Following in a recent line of states to legalize same-sex marriage, Illinois Gov. Pat Quinn announced last Tuesday that he intends to sign a bill legalizing same-sex marriage in his state after it was passed by local legislature the same day.
Illinois is set to become the 15th state to allow gay marriage, following Quinn’s expected signing of the bill on Nov. 20. Hawaii’s senate passed a bill Tuesday also legalizing gay marriage, making them the 16th state to do so.
Jody Cofer Randall, LGBT program coordinator, said despite the momentum states have recently been showing in their efforts to promote fair relationship recognition, Kentucky is not likely to become the 17th state to follow suit or even at all.
Cofer Randall said while Kentucky citizens have shown wide support for work place discrimination and bullying protections concerning gay rights, marriage is the one topic state legislators seem unwilling to compromise on.
Despite this fact, he said time is on the side of the supporters of same-sex marriage and inevitably same-sex marriage will be universally recognized by all states. Once either half of the states have passed same-sex marriage legislation or once more than 50 percent of the nation’s populace supports the idea, he said, then the federal government will begin working on establishing federal legislation.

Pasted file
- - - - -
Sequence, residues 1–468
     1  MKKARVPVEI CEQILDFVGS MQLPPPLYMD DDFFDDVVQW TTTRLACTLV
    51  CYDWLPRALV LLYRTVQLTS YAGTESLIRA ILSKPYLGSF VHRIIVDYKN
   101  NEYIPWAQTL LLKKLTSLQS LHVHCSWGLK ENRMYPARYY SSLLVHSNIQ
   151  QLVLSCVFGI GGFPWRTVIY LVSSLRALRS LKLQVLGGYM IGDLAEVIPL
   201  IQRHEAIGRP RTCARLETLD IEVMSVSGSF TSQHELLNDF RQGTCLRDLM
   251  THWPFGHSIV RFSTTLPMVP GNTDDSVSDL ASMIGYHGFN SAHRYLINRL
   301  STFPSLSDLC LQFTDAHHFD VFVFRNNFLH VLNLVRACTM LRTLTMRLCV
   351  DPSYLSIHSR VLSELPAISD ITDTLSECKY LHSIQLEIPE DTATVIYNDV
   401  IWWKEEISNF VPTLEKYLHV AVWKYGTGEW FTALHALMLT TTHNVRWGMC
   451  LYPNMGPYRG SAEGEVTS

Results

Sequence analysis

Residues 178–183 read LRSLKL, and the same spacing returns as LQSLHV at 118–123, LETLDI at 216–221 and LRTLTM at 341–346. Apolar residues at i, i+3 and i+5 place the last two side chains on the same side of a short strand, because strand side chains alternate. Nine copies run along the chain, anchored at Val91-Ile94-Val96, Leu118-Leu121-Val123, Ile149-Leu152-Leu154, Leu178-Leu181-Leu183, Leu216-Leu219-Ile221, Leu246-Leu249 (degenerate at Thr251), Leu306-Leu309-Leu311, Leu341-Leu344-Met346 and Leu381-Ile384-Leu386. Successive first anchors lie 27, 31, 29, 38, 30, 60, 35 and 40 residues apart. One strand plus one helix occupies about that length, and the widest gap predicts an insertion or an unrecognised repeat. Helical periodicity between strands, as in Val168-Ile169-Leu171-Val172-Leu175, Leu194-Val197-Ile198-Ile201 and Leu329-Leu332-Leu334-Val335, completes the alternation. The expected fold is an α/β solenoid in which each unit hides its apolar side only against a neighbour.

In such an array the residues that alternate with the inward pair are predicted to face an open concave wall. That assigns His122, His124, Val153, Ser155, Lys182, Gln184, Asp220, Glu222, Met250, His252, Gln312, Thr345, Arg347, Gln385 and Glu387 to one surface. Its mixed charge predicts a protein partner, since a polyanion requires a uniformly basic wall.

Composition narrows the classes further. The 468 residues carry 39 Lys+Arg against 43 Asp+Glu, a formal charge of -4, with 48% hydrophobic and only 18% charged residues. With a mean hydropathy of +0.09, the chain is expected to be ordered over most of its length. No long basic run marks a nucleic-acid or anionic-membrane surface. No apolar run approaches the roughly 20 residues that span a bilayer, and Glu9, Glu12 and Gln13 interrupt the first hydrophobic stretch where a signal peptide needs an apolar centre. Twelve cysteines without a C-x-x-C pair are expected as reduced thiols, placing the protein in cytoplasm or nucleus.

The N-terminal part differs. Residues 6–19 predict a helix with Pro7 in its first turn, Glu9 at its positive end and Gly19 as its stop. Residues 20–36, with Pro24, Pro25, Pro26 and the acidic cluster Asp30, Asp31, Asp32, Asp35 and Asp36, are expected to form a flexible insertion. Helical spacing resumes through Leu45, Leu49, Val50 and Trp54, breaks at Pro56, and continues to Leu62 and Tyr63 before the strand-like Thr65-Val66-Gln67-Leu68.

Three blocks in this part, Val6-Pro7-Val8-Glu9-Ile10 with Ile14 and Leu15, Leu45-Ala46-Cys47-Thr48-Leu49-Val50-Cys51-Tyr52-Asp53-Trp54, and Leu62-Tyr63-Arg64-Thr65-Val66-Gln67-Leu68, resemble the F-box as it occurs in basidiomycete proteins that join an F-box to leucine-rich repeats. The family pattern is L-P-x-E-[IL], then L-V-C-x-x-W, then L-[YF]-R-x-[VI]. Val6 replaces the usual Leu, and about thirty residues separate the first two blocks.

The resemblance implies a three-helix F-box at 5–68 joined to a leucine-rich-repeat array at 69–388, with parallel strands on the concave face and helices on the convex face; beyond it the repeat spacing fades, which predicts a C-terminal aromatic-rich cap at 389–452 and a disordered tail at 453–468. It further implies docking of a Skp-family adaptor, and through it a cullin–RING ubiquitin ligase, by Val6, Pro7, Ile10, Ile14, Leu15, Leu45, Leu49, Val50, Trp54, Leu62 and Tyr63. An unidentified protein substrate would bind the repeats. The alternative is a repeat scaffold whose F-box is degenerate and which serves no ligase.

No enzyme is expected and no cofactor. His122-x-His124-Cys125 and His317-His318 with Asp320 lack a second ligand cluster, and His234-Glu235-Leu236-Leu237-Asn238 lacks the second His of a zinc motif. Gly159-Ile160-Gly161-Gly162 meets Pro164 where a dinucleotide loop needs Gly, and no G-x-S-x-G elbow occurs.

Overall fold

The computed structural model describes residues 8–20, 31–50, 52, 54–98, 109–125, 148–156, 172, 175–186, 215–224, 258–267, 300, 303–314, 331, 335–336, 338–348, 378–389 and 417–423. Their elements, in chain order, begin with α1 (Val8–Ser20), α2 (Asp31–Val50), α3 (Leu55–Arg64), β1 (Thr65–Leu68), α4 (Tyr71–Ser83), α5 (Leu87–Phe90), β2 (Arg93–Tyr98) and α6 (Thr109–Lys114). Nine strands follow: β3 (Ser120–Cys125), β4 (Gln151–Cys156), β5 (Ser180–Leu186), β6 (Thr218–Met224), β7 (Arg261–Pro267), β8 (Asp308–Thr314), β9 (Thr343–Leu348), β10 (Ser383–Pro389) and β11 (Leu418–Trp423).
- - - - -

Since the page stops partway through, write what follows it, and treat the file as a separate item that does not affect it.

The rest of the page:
“That day is coming,” Cofer Randall said. “Look at the states. One by one we’re ticking them off. We’re heading there and we’re heading there fairly quickly.”
And while Kentucky appears to be adamant on this subject, he said, Illinois’ recently passed legislation is important and does affect both Kentucky and Murray State.
“I think it is significant any time one of the states takes that step forward,” he said. “It makes the conversation (about same-sex marriage) a bit easier and a bit different in a state like Kentucky.”
He said since Illinois is in Murray State’s backyard, it is important for the University to be aware of the state’s public policy and how it will affect students and employees.
He said Kentucky has made a number of important steps in the direction of equality, but in terms of same-sex marriage, advocates are just going to have to wait.
Said Cofer Randall: “We may say and do things that are shining examples of fairness and equality at certain levels, but marriage unfortunately is not going to be one of them.”
Ben Manhanke, Assistant News Editor